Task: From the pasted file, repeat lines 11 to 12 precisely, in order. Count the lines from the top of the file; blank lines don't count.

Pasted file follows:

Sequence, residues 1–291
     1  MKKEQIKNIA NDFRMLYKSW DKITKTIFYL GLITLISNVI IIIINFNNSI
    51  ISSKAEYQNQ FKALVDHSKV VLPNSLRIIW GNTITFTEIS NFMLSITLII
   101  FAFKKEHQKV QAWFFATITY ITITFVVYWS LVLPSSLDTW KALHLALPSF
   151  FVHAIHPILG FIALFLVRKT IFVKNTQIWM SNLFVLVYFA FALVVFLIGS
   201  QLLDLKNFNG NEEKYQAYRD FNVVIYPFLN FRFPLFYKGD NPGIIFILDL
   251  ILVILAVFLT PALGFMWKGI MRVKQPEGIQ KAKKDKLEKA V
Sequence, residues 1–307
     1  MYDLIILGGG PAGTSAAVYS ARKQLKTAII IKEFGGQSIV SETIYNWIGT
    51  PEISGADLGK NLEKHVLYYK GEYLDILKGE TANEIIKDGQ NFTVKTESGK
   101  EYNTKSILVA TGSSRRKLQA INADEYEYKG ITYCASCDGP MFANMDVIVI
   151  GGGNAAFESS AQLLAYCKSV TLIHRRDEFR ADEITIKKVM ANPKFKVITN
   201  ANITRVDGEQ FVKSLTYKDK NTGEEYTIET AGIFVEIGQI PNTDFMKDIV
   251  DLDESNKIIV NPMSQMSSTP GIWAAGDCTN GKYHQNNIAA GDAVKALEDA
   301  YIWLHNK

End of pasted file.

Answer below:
   101  EYNTKSILVA TGSSRRKLQA INADEYEYKG ITYCASCDGP MFANMDVIVI
   151  GGGNAAFESS AQLLAYCKSV TLIHRRDEFR ADEITIKKVM ANPKFKVITN